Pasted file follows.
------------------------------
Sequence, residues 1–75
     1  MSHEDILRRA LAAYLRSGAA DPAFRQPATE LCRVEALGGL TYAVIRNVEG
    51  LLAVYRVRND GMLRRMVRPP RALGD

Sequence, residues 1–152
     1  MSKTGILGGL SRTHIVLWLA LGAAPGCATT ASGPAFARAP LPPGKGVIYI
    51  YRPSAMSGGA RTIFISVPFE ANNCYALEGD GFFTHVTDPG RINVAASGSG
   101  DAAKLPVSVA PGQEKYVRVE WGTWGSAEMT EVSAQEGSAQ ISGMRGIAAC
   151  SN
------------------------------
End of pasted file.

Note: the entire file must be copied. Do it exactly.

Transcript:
Sequence, residues 1–75
     1  MSHEDILRRA LAAYLRSGAA DPAFRQPATE LCRVEALGGL TYAVIRNVEG
    51  LLAVYRVRND GMLRRMVRPP RALGD

Sequence, residues 1–152
     1  MSKTGILGGL SRTHIVLWLA LGAAPGCATT ASGPAFARAP LPPGKGVIYI
    51  YRPSAMSGGA RTIFISVPFE ANNCYALEGD GFFTHVTDPG RINVAASGSG
   101  DAAKLPVSVA PGQEKYVRVE WGTWGSAEMT EVSAQEGSAQ ISGMRGIAAC
   151  SN